Dominic Scott

Making a Kahoa Kakala

Overarching values: Valuing Pasifika ways of being and knowing – with and for all people

Experiencing this learning should be savoured by all, so allow good time for each part. Remember that this is about relationships – so really encourage the talanoa. Make alongside the students where you can. In your talk and making, share of yourself, and take the time to really listen to what is shared with you. Encourage this between your students just as much. You are building your togetherness.

Inspiration for the lesson

This lesson was inspired by the Tongan tradition of making and gifting a kahoa kakala. By using paper flowers instead of fresh flowers, it recognises that kahoa can be made from a wide range of materials. They are ever-present at Pasifika gatherings as a sign of celebration, mana (honour) and beauty, and bestow respect upon the wearer. The act of giving to another person encourages students to think of the difference between kindness and generosity. Even in times of hardship and adversity the act of thinking of others and giving from the heart brings happiness.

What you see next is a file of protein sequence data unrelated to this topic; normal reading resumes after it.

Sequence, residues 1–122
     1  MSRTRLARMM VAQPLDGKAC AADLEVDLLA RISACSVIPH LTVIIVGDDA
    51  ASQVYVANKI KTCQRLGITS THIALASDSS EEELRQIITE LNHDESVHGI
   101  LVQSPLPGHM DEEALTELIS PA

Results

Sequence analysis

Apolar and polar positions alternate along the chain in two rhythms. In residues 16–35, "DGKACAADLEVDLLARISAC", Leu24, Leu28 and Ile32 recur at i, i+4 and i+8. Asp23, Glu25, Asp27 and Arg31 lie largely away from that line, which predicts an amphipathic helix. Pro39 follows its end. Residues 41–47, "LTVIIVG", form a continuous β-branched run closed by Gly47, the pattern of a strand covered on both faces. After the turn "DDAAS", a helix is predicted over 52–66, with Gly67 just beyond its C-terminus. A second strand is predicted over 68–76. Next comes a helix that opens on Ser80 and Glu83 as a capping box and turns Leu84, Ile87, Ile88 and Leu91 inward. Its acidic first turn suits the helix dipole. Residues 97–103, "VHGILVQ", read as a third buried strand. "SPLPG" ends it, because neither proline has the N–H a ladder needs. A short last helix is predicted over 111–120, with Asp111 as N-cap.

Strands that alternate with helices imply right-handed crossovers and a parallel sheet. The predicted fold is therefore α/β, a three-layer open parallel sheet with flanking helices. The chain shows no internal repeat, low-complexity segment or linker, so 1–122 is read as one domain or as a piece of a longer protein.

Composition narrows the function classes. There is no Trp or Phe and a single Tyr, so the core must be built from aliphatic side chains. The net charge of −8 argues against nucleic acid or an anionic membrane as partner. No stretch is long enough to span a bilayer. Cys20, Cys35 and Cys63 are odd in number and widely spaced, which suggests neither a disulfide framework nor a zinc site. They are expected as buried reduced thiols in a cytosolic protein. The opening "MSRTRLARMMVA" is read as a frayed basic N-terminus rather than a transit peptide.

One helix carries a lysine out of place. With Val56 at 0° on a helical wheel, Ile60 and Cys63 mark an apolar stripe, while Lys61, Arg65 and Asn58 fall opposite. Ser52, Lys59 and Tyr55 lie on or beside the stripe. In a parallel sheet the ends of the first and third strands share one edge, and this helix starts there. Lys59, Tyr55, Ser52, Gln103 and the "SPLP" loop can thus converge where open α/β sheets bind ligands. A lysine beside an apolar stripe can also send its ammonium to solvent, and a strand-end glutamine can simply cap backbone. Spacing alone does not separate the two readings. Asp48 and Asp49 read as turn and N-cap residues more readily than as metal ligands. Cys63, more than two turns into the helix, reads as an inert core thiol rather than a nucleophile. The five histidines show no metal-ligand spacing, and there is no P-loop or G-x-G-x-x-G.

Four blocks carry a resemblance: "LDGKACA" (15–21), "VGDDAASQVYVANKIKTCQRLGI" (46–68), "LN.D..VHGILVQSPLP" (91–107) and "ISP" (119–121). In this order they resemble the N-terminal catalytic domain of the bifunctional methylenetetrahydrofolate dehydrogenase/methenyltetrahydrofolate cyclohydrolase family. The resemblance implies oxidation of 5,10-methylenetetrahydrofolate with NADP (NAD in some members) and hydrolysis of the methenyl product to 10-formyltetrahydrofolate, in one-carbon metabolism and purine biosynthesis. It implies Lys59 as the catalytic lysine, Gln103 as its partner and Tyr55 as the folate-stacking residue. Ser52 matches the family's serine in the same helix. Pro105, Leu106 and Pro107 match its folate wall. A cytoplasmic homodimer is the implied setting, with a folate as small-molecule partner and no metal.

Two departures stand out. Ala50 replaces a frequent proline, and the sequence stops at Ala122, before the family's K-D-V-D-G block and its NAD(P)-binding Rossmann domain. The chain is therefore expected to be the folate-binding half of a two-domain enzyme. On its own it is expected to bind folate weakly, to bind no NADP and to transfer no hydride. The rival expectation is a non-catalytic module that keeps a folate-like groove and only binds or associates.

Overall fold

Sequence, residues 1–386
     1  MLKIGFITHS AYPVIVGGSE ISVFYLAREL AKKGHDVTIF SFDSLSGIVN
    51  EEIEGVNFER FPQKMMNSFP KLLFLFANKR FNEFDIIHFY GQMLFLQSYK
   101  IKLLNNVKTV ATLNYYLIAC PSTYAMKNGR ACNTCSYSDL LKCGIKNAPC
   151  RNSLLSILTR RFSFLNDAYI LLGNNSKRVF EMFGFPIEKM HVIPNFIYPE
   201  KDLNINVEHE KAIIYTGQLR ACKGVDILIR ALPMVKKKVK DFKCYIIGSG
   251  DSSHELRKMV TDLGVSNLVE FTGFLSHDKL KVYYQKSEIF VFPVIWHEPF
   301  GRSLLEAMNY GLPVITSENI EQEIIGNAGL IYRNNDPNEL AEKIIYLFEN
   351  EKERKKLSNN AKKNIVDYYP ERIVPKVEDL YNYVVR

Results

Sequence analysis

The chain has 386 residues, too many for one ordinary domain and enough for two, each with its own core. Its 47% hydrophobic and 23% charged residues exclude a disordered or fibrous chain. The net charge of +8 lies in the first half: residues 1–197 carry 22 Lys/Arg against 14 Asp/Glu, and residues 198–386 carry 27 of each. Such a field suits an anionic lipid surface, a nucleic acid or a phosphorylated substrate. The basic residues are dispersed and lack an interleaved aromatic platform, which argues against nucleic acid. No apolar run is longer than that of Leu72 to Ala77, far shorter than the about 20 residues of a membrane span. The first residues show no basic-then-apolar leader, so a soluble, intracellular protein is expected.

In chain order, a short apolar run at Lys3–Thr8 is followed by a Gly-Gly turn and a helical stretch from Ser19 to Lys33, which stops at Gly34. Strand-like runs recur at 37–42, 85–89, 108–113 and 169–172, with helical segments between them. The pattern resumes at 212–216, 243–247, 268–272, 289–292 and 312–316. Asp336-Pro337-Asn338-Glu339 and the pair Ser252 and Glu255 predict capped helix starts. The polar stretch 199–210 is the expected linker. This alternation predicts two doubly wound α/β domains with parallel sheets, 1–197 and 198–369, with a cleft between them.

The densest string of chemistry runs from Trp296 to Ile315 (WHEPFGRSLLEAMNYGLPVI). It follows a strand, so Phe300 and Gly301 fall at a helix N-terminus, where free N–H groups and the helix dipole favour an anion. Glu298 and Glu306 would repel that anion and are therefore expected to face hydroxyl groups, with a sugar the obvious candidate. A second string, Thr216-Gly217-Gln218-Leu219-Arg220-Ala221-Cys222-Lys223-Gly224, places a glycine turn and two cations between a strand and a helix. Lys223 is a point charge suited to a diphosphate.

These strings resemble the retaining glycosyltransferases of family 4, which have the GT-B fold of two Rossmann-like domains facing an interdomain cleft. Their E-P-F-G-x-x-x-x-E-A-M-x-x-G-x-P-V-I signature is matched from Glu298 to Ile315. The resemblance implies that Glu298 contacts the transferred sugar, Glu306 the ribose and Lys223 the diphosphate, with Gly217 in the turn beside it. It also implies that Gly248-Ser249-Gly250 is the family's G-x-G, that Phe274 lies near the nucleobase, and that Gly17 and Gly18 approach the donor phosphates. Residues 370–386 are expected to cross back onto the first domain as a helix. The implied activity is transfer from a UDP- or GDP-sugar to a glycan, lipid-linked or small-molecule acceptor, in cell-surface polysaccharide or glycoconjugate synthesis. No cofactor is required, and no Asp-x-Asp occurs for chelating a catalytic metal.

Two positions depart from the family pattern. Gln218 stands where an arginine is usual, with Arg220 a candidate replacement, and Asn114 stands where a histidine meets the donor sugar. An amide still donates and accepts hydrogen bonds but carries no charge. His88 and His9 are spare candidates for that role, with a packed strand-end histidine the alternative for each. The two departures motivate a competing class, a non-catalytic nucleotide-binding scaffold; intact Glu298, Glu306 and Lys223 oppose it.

Professional Development Video

This video walks through the ‘Making a Kahoa Kakala’ lesson. Teachers can watch how the modelling of providing space (vā) allows students to be ‘the experts’ and fosters opportunities for them to bring their personal stories into the classroom.

This unit of work was created by Dagmar Dyck and Christa Napier-Robertson.

View lesson plan
Technical Process Resources
pacific neck garlands
professional development video
Pasifika Arts